9.4. Quantitative Measures of StabilityIn the previous section we have discussed qualitative indicators of stability. According to these indicators, a model is either stable if its trajectory converges to an equilibrium state or unstable if it diverges from the equilibrium after small disturbances. However, real populations never converge to an equilibrium because of the random noise associated with weather and other stochastic factors. Thus, qualitative stability has a vague biological meaning. Ecologists are more interested in quantitative indicators of stability which represent the ability of the population to resist environmental fluctuations.
Robert May (1973) suggested to measure system stability by the maximum real part of eigenvalues of the linearized model. It was shown that this value correlates with the variance of population fluctuations in stochastic models.
Sharov (1991, 1992) suggested measures of m- and v-stability that characterize the stability of the mean (m) and variance (v) of population density (initially these measures were called as coefficients of buffering and homeostasis, see Sharov [1985, 1986]). Later they were re-invented by Ives (1995a, 1995b). They can be used to predict the effect of environmental changes (e.g., global warming or pest management) on the mean and variance of population numbers
M-stability (MS) was defined as the ratio of the change in mean log population density, N, as a response to the change in mean value of some environmental factor, v.
M-stability is the reciprocal of the sensitivity of mean population density to the mean value of factor v. Log-transformation of population density is important because it makes population models closer to linear.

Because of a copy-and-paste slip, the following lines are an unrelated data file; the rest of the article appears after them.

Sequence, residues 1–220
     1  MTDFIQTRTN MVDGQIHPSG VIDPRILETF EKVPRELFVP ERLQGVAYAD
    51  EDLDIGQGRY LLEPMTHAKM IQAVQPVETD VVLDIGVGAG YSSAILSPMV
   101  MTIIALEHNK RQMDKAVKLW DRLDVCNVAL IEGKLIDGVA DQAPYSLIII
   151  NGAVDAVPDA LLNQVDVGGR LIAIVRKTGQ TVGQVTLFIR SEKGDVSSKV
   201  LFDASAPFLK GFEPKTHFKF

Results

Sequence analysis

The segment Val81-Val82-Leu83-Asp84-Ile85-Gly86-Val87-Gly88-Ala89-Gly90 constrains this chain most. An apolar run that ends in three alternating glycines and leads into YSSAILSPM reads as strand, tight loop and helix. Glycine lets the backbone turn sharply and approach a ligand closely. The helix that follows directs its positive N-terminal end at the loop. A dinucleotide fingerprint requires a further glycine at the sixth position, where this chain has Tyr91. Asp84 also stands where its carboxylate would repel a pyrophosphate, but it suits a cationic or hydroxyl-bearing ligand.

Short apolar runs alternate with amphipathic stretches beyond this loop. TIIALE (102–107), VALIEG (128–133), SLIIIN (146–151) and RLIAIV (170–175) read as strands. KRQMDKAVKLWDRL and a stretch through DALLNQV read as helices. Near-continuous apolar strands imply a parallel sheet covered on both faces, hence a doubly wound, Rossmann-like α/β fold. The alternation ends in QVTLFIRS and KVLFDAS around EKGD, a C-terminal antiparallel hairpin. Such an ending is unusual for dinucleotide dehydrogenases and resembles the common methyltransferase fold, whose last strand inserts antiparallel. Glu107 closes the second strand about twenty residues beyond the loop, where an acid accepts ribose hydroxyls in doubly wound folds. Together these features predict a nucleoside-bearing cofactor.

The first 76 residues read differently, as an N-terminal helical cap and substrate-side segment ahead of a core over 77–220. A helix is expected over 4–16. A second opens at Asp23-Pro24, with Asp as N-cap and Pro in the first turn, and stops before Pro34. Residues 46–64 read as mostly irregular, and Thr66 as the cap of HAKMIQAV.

For example, if v is temperature which is going to change by 2 degrees due to global warming, and log population density per ha (log base e) will increase from 1 to 1.5, then the sensitivity is S=(1.5-1)/2=0.25, and m-stability MS=4. The population with higher m-stability will change less than the population with low m-stability under the same changes in average factors.
Strong population regulation increases m-stability because regulating mechanisms will resist to the changes in population density. Let's assume that regulation is caused by interspecific competition. Then, if conditions become favorable for the population, then the organisms will increase their reproduction rate. However, as population density increases, mortality due to competition increases too and partially compensates increased reproduction rates. If conditions become less favorable, then density will decline and mortality due to competition will decrease and partially compensate the decrease in reproduction rates.
If population dynamics is described by a mathematical model then m-stability can be estimated from that model. The simplest example is the logistic model. Mean population density in the logistic model equals to carrying capacity, K. If the factor v affects K, then . If the factor v affects population growth rate, r, but does not affect carrying capacity, then mean population density will not respond to factor change, and thus, m-stability will be infinitely large.
V-stability (VS) was defined as a ratio of the variance of additive random noise to the variance of log population numbers :
Population that has smaller fluctuations of population numbers than another population that experience the same intensity of additive environmental noise has a higher v-stability. To estimate v-stability in the Ricker's model we can use the linearized model at the equilibrium point:
where N is log population density, and is the white noise with a zero mean. Noise is not correlated with log population numbers. Thus:
This graph shows that v-stability equals to zero at r=0 and r=2 (these are the boundaries of quantitative stability). V-stability has a maximum at r = 1.
Ives, A.R. 1995. Predicting the response of populations to environmental change. Ecology 76: 926-941.